I am a hugger. I almost always ask someone if they want a hug, and I honor their request. Usually, people say yes. I have one good friend and I know she's not a hugger, so when I see her I usually touch her shoulder and say, "Consider yourself hugged."
Last Tuesday I went to our regional mall. I had a couple of pieces of jewelry I wanted to have appraised: a rope of pearls my dad brought back from Japan in the 60s, a watch without a band that belonged to my grandmother, and a brooch with a gold locket that was also my grandmother's. I'd been referred to a jewelry store called Alana's, so that was my destination.
As it turned out, Alana's was going out of business. It was a small shop, and there were about 20 people crowded in there, plus a fellow with a large camera who might have been part of the media. I knew an appraisal was not going to be happening there. However, I needed a couple of items of makeup, which I usually buy in a little Nordstrom storefront in the mall. So I walked up there. I was assisted by a young woman, made up vividly but tastefully. As she helped me find the right blush for my older face, and eyebrow color to tame my wild gray brows, I told her about my upcoming trip to London with my granddaughter Kai (she's recently changed her name from Cory, for those of you who keep track of my grandchildren). Kai had requested that we go to London Pride, which has a parade the day our tour finishes up, and I had said yes.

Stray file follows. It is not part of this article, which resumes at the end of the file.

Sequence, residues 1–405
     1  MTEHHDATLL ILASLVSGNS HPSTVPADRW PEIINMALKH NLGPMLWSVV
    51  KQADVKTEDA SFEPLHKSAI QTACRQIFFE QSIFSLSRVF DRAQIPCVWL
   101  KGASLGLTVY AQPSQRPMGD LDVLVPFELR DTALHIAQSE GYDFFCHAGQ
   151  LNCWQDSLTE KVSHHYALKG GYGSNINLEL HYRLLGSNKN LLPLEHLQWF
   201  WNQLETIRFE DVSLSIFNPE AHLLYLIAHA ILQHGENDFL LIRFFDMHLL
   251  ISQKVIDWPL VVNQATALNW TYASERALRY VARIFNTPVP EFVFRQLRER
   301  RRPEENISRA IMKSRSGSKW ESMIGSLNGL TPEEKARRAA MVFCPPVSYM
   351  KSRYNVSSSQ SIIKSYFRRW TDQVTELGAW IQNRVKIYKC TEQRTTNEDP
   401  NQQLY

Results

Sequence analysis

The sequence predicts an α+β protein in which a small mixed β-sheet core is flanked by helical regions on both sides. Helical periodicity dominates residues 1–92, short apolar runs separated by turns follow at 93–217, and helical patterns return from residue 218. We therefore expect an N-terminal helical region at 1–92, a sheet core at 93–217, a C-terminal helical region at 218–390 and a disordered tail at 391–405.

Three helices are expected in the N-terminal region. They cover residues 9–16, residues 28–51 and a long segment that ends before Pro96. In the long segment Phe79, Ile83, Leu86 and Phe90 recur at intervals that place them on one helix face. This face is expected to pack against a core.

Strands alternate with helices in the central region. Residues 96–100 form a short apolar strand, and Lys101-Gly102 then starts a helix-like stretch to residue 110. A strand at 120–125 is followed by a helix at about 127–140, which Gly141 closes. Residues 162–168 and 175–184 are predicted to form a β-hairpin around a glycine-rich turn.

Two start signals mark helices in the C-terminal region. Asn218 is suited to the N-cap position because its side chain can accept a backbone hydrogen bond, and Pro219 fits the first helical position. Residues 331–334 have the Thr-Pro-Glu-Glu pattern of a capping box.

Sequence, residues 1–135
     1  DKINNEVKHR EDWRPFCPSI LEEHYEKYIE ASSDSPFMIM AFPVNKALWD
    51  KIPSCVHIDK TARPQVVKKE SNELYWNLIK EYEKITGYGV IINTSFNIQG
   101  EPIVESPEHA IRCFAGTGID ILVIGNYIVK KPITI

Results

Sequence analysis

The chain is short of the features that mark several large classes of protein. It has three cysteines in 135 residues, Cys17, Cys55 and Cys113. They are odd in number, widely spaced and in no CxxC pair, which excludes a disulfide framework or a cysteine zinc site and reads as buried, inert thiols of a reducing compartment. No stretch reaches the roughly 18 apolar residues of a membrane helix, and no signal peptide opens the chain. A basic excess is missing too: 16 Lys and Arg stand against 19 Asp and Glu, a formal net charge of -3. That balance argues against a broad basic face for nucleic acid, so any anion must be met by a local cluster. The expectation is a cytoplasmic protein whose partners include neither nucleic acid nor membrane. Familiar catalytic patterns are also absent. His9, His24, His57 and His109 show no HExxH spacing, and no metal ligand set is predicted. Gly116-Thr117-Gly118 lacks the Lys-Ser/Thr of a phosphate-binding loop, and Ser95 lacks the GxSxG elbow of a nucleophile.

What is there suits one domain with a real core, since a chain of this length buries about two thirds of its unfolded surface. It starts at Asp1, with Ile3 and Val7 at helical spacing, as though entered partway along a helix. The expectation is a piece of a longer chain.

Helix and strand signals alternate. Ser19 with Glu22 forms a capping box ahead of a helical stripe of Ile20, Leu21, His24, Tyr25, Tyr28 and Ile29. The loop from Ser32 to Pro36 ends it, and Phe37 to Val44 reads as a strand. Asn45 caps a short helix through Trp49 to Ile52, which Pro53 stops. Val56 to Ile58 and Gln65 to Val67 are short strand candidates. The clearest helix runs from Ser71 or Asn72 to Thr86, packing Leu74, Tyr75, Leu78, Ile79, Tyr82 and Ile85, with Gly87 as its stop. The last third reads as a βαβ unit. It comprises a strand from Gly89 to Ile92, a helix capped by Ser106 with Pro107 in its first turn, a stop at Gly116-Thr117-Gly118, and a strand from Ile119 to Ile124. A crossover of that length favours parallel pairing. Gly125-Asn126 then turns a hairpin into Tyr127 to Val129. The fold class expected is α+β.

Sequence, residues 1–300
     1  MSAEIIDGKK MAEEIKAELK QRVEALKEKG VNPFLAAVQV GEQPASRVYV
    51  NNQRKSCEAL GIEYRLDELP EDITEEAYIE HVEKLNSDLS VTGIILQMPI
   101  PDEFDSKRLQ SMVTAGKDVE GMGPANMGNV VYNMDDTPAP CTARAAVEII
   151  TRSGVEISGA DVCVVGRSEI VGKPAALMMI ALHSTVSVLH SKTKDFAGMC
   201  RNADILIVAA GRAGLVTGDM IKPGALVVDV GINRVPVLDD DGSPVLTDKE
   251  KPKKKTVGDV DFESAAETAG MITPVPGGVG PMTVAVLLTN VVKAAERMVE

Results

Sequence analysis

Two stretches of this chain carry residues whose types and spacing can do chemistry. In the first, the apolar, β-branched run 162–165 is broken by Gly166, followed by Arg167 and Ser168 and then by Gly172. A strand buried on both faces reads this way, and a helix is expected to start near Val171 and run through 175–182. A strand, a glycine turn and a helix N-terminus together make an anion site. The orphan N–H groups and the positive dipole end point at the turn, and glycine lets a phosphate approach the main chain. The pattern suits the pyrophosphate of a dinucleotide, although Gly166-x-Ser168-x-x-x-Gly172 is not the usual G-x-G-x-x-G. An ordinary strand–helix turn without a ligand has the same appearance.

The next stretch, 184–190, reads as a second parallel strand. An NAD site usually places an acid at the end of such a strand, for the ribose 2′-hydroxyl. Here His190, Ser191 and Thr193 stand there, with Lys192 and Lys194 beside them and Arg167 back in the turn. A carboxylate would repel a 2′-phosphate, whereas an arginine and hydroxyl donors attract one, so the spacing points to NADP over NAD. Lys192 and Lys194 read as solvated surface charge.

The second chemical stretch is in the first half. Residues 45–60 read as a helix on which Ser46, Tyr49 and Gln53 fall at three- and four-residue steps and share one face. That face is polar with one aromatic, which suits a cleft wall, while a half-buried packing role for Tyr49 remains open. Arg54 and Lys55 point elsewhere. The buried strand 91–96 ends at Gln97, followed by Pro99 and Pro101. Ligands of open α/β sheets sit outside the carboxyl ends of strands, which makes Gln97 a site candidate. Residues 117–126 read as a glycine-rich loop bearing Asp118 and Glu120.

The young woman said, "Oh, she's lucky to have you for a grandmother. I'm transgender, and my grandmother was the first person to call me Rosemary. Even when she had Alzheimers and was close to death, she remembered." She teared up talking about her recently deceased grandmother. I gave her a hug and she hugged me back. Then I gave her another hug and I said, "This one is from your grandmother." Then I left.
Then, last weekend, my husband Art and I flew to Spokane to spend a few days with our grandkids. The twins haven't seen me in a year, and since one of them will be traveling with me nine days from now, I thought we ought to re-familiarize ourselves with each other.
I said to Kai, "Do you have anything I can wear to show my support for Pride?" I was thinking a bracelet or hat or something. She went to Amazon right then and ordered me this shirt:
I hope I give a lot of hugs at Pride.
PS: I sold all three pieces of my jewelry at a store called "Not Just Antiques" for $12.
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